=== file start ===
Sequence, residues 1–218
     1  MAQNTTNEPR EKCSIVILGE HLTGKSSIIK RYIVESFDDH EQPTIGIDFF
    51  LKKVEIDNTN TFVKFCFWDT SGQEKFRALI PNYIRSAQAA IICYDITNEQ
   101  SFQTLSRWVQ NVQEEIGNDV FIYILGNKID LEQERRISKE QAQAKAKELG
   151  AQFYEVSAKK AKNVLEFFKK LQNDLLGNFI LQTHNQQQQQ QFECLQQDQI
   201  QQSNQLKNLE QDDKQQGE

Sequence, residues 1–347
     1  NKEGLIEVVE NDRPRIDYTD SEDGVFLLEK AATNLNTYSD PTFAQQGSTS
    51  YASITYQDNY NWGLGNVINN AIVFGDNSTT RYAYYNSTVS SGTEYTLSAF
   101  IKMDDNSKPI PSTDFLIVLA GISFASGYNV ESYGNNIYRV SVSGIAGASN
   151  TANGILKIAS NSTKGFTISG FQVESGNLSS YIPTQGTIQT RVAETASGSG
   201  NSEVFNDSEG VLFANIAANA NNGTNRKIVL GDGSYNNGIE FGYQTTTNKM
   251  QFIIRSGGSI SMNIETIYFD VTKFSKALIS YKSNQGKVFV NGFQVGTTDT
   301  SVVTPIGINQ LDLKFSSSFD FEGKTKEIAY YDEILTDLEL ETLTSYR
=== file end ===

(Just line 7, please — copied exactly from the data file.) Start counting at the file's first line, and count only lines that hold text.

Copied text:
Sequence, residues 1–347